Minister for Housing rules out VAT reduction for building of new homes

Darragh O’Brien has not ruled out extending the Government’s shared equity scheme to buyers of second hand properties in the future

Minister for Housing Darragh O’Brien has ruled out a reduction in VAT on new home building, citing concerns around whether the cost of the cut would be passed on to the buyer.

On Tuesday, it emerged that the Government’s Tax Strategy Group is considering the reduction, calculating that it could cost the State €400 million a year.

Builders have frequently called on Government to cut VAT on new home-building to 9 per cent from 13.5 per cent, arguing that this would reduce costs and spark an increase in residential construction.

However, Mr O’Brien categorically ruled this out on Wednesday.


“The interventions that we’ve made now already, we can track the results of them. And I’m much more comfortable with that. I think the measures that we have on the First Homes scheme, on Help to Buy and the other measures are far more targeted and help those who need it, as opposed to across the board. So if I do a reduction in VAT on construction, for argument’s sake, from 13.5 to 9 per cent ... that would apply to everything,” he said, citing someone who could be buying a €10 million house as an example.

Separately, Mr O’Brien has not ruled out extending the Government’s shared equity scheme to buyers of second hand properties in the future.

The shared equity scheme was set up to help first-time buyers bridge the gap between their mortgage and the price of a new home through a joint venture between the State and the three domestic banks, AIB, Bank of Ireland and Permanent TSB.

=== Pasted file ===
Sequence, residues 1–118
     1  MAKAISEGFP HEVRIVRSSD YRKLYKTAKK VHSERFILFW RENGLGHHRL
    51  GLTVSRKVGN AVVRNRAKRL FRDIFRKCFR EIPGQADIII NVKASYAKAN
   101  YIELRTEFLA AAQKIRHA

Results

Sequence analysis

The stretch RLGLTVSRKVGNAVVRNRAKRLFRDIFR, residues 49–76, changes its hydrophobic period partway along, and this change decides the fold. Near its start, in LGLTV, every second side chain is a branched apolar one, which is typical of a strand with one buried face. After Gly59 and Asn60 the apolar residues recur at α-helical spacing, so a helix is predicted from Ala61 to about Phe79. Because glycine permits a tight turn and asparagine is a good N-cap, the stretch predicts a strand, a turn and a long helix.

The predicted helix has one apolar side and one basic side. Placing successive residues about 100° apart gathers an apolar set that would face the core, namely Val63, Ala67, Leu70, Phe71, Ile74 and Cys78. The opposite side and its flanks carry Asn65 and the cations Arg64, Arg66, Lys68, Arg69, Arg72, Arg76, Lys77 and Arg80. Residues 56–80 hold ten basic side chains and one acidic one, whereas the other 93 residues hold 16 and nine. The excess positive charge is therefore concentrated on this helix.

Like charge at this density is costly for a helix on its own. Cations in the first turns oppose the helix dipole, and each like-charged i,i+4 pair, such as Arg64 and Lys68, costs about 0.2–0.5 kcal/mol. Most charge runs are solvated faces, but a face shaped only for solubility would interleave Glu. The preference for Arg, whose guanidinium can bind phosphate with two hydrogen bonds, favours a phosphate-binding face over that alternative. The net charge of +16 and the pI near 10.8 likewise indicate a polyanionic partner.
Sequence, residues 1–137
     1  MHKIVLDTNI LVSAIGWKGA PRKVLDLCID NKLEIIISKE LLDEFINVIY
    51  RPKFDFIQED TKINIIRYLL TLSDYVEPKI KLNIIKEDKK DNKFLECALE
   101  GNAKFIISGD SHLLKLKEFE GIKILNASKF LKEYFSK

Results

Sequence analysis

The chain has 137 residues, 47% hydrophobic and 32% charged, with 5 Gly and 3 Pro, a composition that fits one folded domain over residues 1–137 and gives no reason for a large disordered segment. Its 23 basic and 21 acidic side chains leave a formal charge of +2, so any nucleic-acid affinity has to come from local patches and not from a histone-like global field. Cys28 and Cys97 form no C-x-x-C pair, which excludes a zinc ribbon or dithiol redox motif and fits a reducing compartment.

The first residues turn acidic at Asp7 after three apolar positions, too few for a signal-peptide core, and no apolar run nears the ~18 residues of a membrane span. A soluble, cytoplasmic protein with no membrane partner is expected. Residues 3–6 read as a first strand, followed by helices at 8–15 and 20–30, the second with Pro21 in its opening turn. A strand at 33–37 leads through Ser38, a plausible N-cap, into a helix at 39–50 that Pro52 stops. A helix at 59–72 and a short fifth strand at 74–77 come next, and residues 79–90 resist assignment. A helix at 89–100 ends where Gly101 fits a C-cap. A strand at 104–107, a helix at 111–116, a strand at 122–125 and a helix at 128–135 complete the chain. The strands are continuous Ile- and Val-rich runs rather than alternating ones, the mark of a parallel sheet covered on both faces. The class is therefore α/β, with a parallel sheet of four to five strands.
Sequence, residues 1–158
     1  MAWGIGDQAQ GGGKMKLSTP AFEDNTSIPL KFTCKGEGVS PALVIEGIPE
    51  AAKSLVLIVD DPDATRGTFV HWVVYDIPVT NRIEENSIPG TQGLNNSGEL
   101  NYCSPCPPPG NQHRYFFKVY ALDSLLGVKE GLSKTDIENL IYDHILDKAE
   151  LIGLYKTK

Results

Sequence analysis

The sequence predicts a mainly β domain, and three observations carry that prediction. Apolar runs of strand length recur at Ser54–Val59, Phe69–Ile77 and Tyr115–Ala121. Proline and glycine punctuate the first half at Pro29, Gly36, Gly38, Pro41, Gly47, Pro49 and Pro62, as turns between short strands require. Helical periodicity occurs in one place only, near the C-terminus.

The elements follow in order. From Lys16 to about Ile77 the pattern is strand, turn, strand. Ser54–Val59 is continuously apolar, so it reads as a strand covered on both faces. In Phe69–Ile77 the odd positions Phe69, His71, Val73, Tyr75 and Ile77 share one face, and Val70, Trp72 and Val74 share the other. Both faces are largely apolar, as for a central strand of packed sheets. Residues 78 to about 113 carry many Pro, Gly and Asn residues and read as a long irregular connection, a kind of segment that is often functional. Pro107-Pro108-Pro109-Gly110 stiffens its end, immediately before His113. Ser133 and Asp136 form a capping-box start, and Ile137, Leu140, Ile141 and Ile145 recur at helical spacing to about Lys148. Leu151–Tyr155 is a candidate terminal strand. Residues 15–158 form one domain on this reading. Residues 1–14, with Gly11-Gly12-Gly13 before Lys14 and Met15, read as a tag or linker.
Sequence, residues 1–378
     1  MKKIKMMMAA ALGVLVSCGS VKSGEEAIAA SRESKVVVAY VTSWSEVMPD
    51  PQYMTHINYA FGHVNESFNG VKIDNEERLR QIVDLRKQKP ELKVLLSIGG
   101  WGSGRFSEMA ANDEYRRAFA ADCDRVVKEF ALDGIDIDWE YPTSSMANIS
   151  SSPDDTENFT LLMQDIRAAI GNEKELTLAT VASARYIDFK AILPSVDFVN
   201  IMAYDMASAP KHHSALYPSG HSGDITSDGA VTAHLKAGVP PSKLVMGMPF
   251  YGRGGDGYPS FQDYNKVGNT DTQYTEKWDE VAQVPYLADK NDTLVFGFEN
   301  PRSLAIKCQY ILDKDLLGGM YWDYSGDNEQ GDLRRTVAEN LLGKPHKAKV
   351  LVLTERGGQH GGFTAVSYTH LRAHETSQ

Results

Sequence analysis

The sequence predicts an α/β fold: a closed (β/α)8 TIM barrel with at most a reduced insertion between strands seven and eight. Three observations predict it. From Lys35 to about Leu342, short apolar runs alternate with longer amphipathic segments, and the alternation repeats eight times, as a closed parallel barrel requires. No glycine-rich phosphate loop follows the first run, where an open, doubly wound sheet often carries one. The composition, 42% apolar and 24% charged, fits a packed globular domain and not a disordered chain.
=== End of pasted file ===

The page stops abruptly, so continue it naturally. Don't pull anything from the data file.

It involves the State and participating banks paying up to 30 per cent of the cost in return for a stake in the home.

Asked if it could be expanded beyond new homes, the Mr O’Brien said: “I wouldn’t discount it completely. The main focus is about driving supply and on new homes. But it is something that we would keep under review.”

He was speaking at a press conference where he announced that 1,983 home buyers across 24 counties have been approved under the scheme.

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Buyers in Dublin, Kildare, Cork, Meath and Wicklow are the heaviest users of the Scheme. In total there have been close to 5,000 expressions of interest from potential buyers in the first year

Out of the approved cases that have proceeded to sale, around 500 homes have actually been bought.

Asked if supply was an issue, given only 500 have actually secured a property despite the high level of First Home approvals, Mr O’Brien said “supply remains an issue, let’s be straight about that.”

The eligibility criteria was extended in January when the price limit for eligible homes was increased by up to €75,000.

Houses with prices of up to €475,000 and apartments with prices of up to €500,000 are eligible for the Scheme, depending on their location.

The average purchase price for completed purchases is €372,000 with the average support being €68,000 or 18 per cent of the average purchase price.

Mr O’Brien said there had been “a lot of noise” about the scheme originally, which made it difficult to get the plans off the ground, but that he is “proud” of the work done so far.

“It is making a difference. It is helping to transform the environment for first time buyers.”

He said he expects thousands more potential buyers to benefit from it.

Mr O’Brien also said the scheme has been extended to renters who are considering buying their home if their landlord is looking to sell it.

Some 111 renters have expressed interest so far, with 15 applications lodged and 9 approvals issued in the period to July 7th.

The breakdown of counties with the highest level of successful applications include Dublin at 23 per cent, Kildare at 21 per cent, Cork at 16 per cent, Meath at 11 per cent, Wicklow at 8 per cent,

Under the scheme, the Government made €400 million available to facilitate the purchase of up to 8,000 homes over a five-year period.

Mr O’Brien said the scheme will be flexible in that more capital can be added in future.

He told a press conference on Wednesday that there has been “no inflationary impact” on the housing market according because of the scheme, according to the evidence available to him.

Jennifer Bray

Jennifer Bray

Jennifer Bray is a Political Correspondent with The Irish Times